Typically, office copiers can handle A4 and A3 page sizes with ease. If your business has special requirements for large size printing, you must consider only browsing for machines that can accommodate that.
It has become customary for photocopiers to have functionalities that used to be considered luxurious. These machines incorporate the ability to scan, copy, print, e-mail and fax documents all in one while also providing options like stapling, binding and three-hole punching for a great finish of your materials. As with everything there are basic models and advanced models which is reflected in their price tag, but you do not have to spend as much nowadays to get your hands on such garden variety functionality.
These can really inflate the purchase price of a photocopier. Add-ons such as automatic document feeder, duplex (double-sided) printing, a document editor etc., can be very convenient, but luxury comes with a price. Nevertheless, it is only a one-time price and will not affect the long-term running costs of the machine, so have this in mind when considering whether to get a model with all the bells and whistles.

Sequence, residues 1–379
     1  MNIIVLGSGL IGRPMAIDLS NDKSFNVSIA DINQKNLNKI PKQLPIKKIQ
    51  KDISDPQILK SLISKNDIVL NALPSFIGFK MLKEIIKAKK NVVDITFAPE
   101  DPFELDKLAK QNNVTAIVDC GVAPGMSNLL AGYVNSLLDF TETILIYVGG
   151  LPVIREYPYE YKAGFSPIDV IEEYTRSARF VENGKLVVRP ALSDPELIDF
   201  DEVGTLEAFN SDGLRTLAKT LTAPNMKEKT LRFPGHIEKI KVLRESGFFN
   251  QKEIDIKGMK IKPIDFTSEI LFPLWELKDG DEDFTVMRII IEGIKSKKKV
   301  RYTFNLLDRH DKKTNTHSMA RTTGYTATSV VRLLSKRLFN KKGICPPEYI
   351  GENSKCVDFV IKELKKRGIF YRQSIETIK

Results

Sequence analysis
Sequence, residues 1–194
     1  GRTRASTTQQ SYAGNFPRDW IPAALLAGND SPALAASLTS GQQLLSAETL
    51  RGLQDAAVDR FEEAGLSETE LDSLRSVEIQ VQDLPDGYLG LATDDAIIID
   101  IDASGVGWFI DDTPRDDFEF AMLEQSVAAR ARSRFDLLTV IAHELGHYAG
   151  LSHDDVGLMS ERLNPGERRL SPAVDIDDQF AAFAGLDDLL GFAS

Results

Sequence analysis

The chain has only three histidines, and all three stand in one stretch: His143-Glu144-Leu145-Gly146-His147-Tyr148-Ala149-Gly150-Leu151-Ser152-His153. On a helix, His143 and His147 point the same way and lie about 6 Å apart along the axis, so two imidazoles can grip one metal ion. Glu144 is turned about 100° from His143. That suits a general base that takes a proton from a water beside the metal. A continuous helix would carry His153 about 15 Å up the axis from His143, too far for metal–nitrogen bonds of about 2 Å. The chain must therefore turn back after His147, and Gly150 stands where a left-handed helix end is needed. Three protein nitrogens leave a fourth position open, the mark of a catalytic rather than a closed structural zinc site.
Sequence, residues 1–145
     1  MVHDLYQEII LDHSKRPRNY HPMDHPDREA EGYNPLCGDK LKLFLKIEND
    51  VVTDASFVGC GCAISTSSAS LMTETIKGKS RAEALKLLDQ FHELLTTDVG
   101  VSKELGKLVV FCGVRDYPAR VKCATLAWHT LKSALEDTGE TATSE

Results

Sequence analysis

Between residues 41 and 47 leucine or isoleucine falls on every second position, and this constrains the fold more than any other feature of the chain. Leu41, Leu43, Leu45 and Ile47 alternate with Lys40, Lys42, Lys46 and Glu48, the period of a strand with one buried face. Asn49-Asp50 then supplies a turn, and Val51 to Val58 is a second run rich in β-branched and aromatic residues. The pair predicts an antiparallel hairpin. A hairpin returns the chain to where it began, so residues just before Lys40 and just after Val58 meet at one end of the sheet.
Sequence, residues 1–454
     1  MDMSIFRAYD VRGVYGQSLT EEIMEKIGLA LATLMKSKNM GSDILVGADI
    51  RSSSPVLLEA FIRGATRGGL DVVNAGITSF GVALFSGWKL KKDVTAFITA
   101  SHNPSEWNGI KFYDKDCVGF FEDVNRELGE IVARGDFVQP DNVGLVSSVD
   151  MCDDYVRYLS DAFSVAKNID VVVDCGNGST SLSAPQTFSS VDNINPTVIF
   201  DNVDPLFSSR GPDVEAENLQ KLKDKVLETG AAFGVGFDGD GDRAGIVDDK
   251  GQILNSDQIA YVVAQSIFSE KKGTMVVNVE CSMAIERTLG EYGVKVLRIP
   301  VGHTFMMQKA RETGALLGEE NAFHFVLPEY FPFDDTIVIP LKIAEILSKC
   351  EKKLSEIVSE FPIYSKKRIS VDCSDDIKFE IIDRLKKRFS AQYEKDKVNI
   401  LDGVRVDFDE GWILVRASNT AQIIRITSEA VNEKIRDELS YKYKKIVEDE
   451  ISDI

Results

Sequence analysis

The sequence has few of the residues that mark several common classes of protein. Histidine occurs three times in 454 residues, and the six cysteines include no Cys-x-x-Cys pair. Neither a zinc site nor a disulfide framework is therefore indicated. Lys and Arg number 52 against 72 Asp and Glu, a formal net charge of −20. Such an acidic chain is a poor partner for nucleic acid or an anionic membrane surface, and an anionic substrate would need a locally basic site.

Buy, lease or rent
These options depend on your company’s spending ability and plans for the photocopier.
A photocopier rental agreement is for companies whose needs cannot be covered by a model they can afford to buy or simply do not want to tie up capital in such an investment; typically small or medium size enterprises that would rather not own the machine and all the responsibility that comes with it.
Buying a photocopier is for those who want to own the machine and have the means to purchase it outright. Those are medium to big size companies that prefer to not get chained to one company that has to provide them with replenishment of supplies, maintenance and repair services, and also consider the machine an asset that belongs to the business.
New vs. used
Buying a used photocopier is a fair option to consider. However, with today’s advancements in technology and price drops it is easy to afford a new unit with good capabilities. Furthermore, that makes finding parts for older models that much harder on top of the fact that their warranties would have expired by the time of re-purchase, further increasing their obsolescence. Unless your business is in dire need of a machine, but without the budget to afford a new one; or if you just need it to copy something every once in a while, buying a used photocopier may cost you extra in the long run.